It’s hard to believe it’s been a decade, but here we are celebrating a major anniversary for the original Fable. So, like all good chicken chasers, I will return to Albion and once again play the story of The Hero of Oakvale. After so many years, I admit the aspect I’m most curious about with this re-release is to see how much the game stands the test of time. Sure, there’s been a major graphical overhaul, which should be nice, but nothing has really been added to the gameplay or story. Will this feel like a step backward, then, after everything we’ve seen in the series since? Maybe, and no amount of achievements are going to suddenly make this experience feel new again if it does, but here’s to hoping Fable Anniversary is just as enjoyable now as it was back in 2004.
I actually managed to finish both of the games I said I would be during my last Weekend Play on time, which I think is a first for me. To the Moon: I cried a lot. OlliOlli: I died a lot. Onward and upward.
This weekend, I’ll be trying to squeeze in some time with both Dark Souls and the first three Thief games. I don’t expect to actually beat either one by Monday—I’m not a complete lunatic—but I need to make a serious effort to absorb as much as I can before their impending sequels are released. How will I be able to enjoy the Thief reboot if I don’t have an appreciation for its innovative heritage? How will I be able to immerse myself in the world of Dark Souls II unless I’ve spent a few days in Lordran getting my ass kicked and crying about it?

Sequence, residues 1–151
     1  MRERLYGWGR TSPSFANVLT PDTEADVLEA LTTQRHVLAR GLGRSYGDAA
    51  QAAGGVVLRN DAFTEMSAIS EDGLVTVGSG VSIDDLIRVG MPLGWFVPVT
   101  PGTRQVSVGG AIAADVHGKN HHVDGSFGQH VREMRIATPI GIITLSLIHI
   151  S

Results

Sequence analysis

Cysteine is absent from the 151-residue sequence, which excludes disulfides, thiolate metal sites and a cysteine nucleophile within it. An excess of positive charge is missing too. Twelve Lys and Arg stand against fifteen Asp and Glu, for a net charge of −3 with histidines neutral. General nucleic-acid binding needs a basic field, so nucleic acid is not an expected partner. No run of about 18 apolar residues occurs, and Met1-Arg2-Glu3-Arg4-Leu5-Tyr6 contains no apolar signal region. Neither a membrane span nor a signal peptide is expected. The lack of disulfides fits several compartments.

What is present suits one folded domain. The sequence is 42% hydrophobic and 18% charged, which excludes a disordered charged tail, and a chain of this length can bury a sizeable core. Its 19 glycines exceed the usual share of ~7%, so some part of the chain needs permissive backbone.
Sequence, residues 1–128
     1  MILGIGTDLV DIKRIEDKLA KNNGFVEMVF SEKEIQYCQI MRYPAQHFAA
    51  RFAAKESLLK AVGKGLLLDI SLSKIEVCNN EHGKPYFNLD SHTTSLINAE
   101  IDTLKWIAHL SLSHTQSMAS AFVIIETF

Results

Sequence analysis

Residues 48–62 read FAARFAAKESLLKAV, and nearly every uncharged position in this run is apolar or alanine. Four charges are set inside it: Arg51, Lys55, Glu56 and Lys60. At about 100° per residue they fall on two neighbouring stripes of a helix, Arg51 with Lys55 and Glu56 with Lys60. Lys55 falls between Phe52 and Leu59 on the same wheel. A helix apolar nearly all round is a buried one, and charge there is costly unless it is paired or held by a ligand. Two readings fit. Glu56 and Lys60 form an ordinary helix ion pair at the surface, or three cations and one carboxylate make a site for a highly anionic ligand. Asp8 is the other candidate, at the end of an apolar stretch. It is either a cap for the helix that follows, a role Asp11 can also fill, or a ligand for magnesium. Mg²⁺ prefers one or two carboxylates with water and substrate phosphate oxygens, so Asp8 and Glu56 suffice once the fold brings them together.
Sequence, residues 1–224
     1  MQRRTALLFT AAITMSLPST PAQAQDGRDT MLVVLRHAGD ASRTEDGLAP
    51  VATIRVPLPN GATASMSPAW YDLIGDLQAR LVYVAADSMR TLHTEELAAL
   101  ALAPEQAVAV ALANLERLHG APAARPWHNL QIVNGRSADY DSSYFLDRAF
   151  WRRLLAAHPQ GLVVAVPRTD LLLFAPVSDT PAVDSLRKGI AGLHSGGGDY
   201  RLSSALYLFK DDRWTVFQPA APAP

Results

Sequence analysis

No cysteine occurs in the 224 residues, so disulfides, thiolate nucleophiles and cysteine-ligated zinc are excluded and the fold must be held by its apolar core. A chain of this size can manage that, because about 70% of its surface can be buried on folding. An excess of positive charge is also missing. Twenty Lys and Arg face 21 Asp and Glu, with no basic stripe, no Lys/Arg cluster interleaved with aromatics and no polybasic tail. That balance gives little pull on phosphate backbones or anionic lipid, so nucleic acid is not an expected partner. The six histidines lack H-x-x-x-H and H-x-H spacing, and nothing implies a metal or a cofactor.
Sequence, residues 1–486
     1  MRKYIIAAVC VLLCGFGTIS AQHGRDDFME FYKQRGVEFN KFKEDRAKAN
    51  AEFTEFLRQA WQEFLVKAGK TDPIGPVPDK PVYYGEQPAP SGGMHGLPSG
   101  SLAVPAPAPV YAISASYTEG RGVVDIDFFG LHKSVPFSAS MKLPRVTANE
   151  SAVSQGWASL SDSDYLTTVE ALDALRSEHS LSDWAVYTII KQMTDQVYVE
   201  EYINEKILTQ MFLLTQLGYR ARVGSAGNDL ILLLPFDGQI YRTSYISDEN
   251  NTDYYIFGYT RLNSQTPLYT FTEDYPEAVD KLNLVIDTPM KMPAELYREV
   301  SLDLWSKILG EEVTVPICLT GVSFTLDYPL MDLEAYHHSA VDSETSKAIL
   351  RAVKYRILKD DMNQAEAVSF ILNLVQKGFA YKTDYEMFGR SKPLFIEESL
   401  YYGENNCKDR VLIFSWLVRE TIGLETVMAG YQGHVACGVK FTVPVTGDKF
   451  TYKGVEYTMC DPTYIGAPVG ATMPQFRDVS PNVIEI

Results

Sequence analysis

Despite JRPG fatigue from Lightning Returns: Final Fantasy XIII, as part of my due diligence as lead review on the game I’ll be playing Final Fantasy XIII-2 primarily this weekend. I played it two years ago, but honestly remember nothing about it, and since Lightning Returns is such a direct follow-up, I feel compelled to have a fresh impression of both titles before I sit down and tap out 650-plus words on the conclusion to Final Fantasy‘s first full-fledged trilogy.
When I need a break from killing giant cactaurs, I’ll be juggling Counter-Strike: GO and Crysis 3, two games I’m playing to hone my shooter skills in preparation for Titanfall. Gotta keep that Kill-Death ratio above one, son!
Addiction is always a worrying word to use, but it’s something I fear I may have developed after spending a couple of weeks with Guild Wars 2. I’ve recently found myself wrapped up in a race to get the world’s first kill on the new Triple Trouble “Jungle Wurm.” It’s between the server I’m on, Desolation, and a guild called TTS by the looks of things. We’ve come so close several times, problem is it only spawns every two hours, and if you leave the area you can never get back in due to the amount of people trying to enter. So, my last two evenings have been spent chatting and laughing with what I can only describe as one of the best MMO communities I’ve ever encountered. This looks to continue well into the weekend, as we’re yet to get enough DPS to down the final phase.
Continuing with our last-gen round up, I’ll also be spending a few hours carrying on with my Tales of Xillia playthrough. Following the advice of several people, I opted to continue pushing through the story, and as promised it has finally started to pick up. Quite how much time I can dedicate to the game outside of my Wurm-slaying attempt, though, I’m not sure. I think I may need to seek professional help.